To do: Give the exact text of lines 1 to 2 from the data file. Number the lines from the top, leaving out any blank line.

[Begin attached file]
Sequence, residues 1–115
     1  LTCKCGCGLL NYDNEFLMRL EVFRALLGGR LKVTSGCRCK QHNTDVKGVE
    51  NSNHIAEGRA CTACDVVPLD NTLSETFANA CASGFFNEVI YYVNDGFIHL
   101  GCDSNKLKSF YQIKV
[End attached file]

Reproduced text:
Sequence, residues 1–115
     1  LTCKCGCGLL NYDNEFLMRL EVFRALLGGR LKVTSGCRCK QHNTDVKGVE